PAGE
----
I read with some interest a NY Times piece about the parallel stories of two companies working on a COVID vaccine – Pfizer and Moderna. It caught my eye because I knew a little bit about Moderna – they’re a very small company playing in a very big game. I figured they were hoping to use a vaccine success as their launchpad to the big time. The parallels between vaccine development and testing and the nature of most custom work, whether it’s programming, building a custom home, etc are fascinating.
There’s a quote in the story about Moderna’s technology that identified the key to going after the virus (the spike protein, apparently) within two days of receiving the genetic sequence of the virus, which follows:
That’s from January. The comments about this process reminded me so much of custom work. Specifically, showing a customer the mockup of an application or website that maybe took a day or so to develop. Mockups don’t take long because they don’t do much. They’re just a visual example that proposes a look for the real software / webpage. The idea is to get feedback from your customer *before* doing a ton of work.
Mockups are everywhere
It’s not terribly different from the 3D mock ups that you can create if you remodel or build homes. There’s architectural design software that’s simply amazing in that respect. The realism is impressive. I remember seeing it a few years ago. You could design a house in 3D including landscaping. Once done, you could visually “walk” through the design and get a feel how it would look – all in very realistic 3D. While impressive, it was still nothing more than a mockup. Like mockups in other industries, it looked real, but it didn’t do anything.
The parallel isn’t exactly like Moderna situation but it’s similar. Here’s how: once you identify what you have to build – in detail – and you get agreement on it, the hard part is done.
I don’t mean that building whatever you mocked up doesn’t require a lot of work, technology, raw materials, time, communication, know-how, etc. It does. Even so, the work to figure out what you needed to build in the first place, can be most difficult. Getting consensus on an on-budget design that everyone agrees on – and it’s actually what’s needed – can be rather difficult.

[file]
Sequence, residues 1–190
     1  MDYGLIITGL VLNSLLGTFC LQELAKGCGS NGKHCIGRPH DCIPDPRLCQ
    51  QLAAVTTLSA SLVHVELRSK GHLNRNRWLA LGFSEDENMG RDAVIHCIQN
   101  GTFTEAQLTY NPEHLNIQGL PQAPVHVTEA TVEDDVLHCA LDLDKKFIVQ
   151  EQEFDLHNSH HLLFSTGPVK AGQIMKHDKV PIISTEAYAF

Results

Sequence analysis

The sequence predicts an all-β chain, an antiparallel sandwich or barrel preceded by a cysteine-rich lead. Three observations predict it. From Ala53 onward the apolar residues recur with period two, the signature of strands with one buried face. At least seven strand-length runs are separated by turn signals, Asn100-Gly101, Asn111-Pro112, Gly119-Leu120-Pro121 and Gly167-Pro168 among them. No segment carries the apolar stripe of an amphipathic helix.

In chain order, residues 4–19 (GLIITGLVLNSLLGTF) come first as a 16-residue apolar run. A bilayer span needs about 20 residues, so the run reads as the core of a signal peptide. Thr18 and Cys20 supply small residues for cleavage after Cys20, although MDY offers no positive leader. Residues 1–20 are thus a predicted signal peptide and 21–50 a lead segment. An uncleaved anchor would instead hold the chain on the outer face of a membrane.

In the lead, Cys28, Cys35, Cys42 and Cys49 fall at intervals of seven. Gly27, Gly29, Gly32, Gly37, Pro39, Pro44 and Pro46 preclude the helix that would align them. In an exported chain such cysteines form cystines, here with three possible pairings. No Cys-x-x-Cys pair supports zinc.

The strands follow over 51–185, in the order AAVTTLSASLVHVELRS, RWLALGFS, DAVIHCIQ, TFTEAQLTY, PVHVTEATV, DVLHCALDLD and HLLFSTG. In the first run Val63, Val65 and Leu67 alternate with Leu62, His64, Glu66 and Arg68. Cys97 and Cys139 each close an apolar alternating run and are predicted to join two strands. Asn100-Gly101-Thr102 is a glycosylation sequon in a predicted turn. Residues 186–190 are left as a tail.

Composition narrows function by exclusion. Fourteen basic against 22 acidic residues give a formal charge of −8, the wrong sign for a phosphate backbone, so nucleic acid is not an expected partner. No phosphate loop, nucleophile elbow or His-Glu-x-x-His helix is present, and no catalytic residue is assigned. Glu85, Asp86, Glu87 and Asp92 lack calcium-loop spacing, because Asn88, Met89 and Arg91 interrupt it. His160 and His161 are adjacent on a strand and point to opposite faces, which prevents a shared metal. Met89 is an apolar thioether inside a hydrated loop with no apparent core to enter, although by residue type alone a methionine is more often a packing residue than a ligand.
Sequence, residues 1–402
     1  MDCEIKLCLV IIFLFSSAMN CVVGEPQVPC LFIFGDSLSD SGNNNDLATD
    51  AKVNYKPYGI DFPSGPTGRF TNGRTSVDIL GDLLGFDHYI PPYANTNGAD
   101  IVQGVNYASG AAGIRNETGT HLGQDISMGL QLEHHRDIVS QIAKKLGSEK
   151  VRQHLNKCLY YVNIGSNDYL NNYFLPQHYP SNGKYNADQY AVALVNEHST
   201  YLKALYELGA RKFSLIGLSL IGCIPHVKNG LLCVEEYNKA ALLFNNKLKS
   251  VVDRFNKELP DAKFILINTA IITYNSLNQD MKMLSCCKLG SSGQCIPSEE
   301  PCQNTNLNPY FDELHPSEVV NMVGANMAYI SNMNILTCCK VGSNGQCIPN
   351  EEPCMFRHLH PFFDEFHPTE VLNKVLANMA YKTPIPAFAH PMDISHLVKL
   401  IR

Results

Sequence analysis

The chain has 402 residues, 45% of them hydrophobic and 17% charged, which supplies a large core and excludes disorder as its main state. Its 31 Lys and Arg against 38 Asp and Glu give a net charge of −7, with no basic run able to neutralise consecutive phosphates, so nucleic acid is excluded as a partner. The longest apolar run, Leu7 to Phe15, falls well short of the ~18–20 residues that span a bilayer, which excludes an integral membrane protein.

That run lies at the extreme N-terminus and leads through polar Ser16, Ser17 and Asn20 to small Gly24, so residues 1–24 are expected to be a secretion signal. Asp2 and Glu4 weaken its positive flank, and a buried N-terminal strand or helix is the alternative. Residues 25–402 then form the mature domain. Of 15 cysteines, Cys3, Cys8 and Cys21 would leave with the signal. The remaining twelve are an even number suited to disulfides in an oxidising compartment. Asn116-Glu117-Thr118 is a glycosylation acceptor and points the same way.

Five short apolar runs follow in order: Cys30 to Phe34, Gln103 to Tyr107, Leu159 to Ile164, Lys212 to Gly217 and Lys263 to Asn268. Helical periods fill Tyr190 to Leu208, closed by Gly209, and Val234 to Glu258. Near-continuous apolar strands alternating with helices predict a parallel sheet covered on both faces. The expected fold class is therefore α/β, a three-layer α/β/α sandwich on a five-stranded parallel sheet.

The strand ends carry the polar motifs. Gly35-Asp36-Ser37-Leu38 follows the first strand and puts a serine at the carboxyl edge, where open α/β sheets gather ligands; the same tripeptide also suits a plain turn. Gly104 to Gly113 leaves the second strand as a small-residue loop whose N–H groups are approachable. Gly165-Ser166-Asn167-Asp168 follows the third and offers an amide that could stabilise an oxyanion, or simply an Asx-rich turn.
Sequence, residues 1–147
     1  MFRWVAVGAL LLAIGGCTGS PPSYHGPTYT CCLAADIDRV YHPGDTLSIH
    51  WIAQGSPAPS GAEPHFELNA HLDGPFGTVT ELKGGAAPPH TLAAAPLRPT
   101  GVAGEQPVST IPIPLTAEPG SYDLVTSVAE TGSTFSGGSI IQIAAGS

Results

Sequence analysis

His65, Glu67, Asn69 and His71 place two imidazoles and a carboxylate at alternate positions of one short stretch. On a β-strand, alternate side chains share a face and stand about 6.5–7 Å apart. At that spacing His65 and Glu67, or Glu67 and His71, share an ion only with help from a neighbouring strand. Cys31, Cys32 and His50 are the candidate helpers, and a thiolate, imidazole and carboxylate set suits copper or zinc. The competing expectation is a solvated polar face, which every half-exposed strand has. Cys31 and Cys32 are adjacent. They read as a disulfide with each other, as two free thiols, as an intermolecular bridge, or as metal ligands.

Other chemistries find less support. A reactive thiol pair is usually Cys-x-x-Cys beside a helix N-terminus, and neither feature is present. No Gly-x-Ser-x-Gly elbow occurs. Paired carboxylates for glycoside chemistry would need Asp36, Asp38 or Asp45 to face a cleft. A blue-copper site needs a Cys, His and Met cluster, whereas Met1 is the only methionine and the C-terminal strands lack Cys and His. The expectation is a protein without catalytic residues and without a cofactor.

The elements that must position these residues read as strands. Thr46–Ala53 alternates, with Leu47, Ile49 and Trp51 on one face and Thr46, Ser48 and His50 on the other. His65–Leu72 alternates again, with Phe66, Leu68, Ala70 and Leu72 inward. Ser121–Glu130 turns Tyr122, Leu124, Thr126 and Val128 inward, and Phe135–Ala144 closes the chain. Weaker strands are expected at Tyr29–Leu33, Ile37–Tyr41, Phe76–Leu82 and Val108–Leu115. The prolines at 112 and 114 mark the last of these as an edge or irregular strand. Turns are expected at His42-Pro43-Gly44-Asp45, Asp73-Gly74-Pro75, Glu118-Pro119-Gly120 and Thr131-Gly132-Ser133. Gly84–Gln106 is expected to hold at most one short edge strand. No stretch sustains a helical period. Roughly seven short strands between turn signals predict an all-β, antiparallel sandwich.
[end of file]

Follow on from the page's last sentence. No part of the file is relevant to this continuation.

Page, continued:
Without enough communication to describe what was wanted, why, the possible solutions, and what solution makes the most sense, a project heads for trouble. We build what we thought someone wanted, only to find out everyone made too many assumptions and failed to ask enough questions. Mockups are great for reducing these problems.
New school design
What Moderna did in two days is flat out amazing, particularly when you compare it to how it was done in the past. Old school methods of building vaccines were in some cases done by getting people sick and studying the reactions in the sick peoples’ bodies. From those reactions, scientists, doctors, chemists and others eventually came up with a vaccine. Today, much of that work happens in a computer. That’s an oversimplification medically, biochemically, and probably in other ways – but you get the idea.
Some of you may remember the SETI project from years ago. After you installed their software, it would download and process a small amount of the radio telescope data collected by the Arecibo observatory – yes, the one in Puerto Rico that suffered damage resulting in it being permanently taken offline. SETI’s software would process the data and send it back to the SETI system, which would use whatever processing your computer had done to figure out if that data was valuable.
Early this year, I stumbled across similar project for medical study called Folding@Home. Folding@Home is working on protein folding analysis for COVID and other diseases. I read somewhere that some of the data processed by this project helped produce some portion of the vaccine solution – but I don’t know the details. This happened thanks to a large number of people all over the globe letting their computer do these computations and analysis in the background. As a group, these computers served someone as an equivalent to a medical supercomputer. That’s important to this work because supercomputers are rare, in demand, and really expensive.
Next week, connecting the vaccine, custom work, and the expectations gap.
Mark Riffey is an investor and advisor to small business owners. Want to learn more about Mark or ask him to write about a strategic, operations or marketing problem? See Mark’s site, contact him on LinkedIn or Twitter, or email him at firstname.lastname@example.org.